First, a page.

US Tax Accountant for PFIC Filings

If you own stock in a passive foreign investment company, you may be subject to certain complex Internal Revenue Service guidelines. Many investors may not be aware that they are subject to these strict regulations when they purchase foreign stock. It is important to understand how these regulations work or risk facing a serious tax penalty in the future. If you or a family member need help with a passive foreign investment company filing, you should consult with an experienced US tax accountant today.

At US Tax Help, we are dedicated to providing you with the service that you deserve. Tax accountant Ted Kleinman understands the intricacies of U.S. tax law, and he is prepared to help you streamline your PFIC filings. To schedule a confidential consultation, call US Tax Help at (541) 923-0903 or contact us online.

Identifying a Passive Foreign Investment Corporation

A foreign-based corporation qualifies as a passive foreign investment company (PFIC) if they meet the requirements of one of two tests developed by the IRS. The first test is the income test. This test states that a foreign company qualifies as a PFIC if at least 75% of the corporation’s gross income is considered passive income. For example, income derived from investments is passive income. Alternatively, money that is earned from the corporation’s business endeavors is not passive income.

The second way that a foreign company may be deemed a PFIC is if it meets the requirements of the asset test. This test states that if at least 50% of a foreign corporation’s assets are assets that generate passive income like dividends or capital gains, the corporation is a PFIC.

The purpose behind IRS regulation of PFICs is to dissuade a U.S. person from attempting to store investments offshore to avoid U.S. taxation laws. Many U.S. persons would attempt to circumvent U.S. tax laws by establishing a foreign corporation and using that entity to invest in passive investments. As a result, the IRS created harsh tax penalties and interest charges for U.S. persons who would try to hide their income in this manner.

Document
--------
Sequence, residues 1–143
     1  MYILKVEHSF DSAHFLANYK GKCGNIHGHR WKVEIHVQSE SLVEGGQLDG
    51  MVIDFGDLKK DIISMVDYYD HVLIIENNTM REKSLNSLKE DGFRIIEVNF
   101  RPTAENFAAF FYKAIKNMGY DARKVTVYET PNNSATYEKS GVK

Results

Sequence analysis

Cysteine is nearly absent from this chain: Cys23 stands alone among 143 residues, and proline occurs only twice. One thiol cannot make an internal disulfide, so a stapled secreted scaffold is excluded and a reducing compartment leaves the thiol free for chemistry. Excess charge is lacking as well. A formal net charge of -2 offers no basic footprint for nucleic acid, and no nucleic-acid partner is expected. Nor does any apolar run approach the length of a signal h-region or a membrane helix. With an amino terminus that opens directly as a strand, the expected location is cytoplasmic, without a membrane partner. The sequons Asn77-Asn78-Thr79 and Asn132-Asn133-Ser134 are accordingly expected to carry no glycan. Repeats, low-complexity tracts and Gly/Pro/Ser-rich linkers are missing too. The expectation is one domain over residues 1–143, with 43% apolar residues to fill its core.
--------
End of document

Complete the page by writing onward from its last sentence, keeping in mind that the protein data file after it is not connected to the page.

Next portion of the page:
To learn more about how PFIC tax laws work, you should contact an experienced PFIC accountant.

When to File a PFIC Form

To report income derived from a PFIC, an investor must use IRS Form 8621, titled “Information Return by a Shareholder of a Passive Foreign Investment Company or Qualified Electing Fund.” There are five circumstances that determine whether a U.S. taxpayer must file a Form 8621:

  1. The U.S. person receives a direct or indirect distribution from a PFIC
  2. The taxpayer makes a profit on the direct or indirect disposition of stock from a PFIC
  3. The U.S. person is reporting information related to a Qualified Electing Fund
  4. S. person makes an election reportable in Part II of Form 8621
  5. The U.S. person must file an annual report

As mentioned, a U.S. person must file this form if they are a direct or indirect shareholder. A direct shareholder is a U.S. person that owns a share of stock in a PFIC that does not own stock in another PFIC. A U.S. person can be identified as an indirect shareholder in several different ways:

  • The U.S. person is at least a 50% shareholder of a foreign corporation that is not a PFIC, but that holds stock in a PFIC
  • The stock is owned in a PFIC that also holds stock in another PFIC
  • The U.S. person is at least a 50% shareholder in a domestic corporation that owns a section 1291 fund
  • The taxpayer is a direct or indirect owner of a pass-through entity (partnership, S-corporation, trust, or estate) and that entity is a shareholder in a PFIC

A Form 8621 can be filed with the shareholder’s tax return, partnership return, or exempt organization return. If you do not have to file an income tax return for a particular year, you must still file a Form 8621 with the IRS.

According to the IRS, it could take well over 40 hours to successfully file a Form 8621. Making a mistake on a form like this can result in serious tax consequences. That is why it is important to contact an experienced tax accountant that can handle this process for you.

Work with a U.S. Tax Accountant to File Your Form 8621

If you believe that you are required to make a PFIC filing, you should contact an experienced U.S. tax accountant today. Ted Kleinman, the founder of US Tax Help, possesses over 30 years of experience handling a wide range of U.S. tax issues for residents of the United States and residents of foreign countries. US Tax Help can help you evaluate your tax liability and determine whether you must make a PFIC filing. To schedule a confidential consultation, call us at (541) 923-0903, or contact us online.

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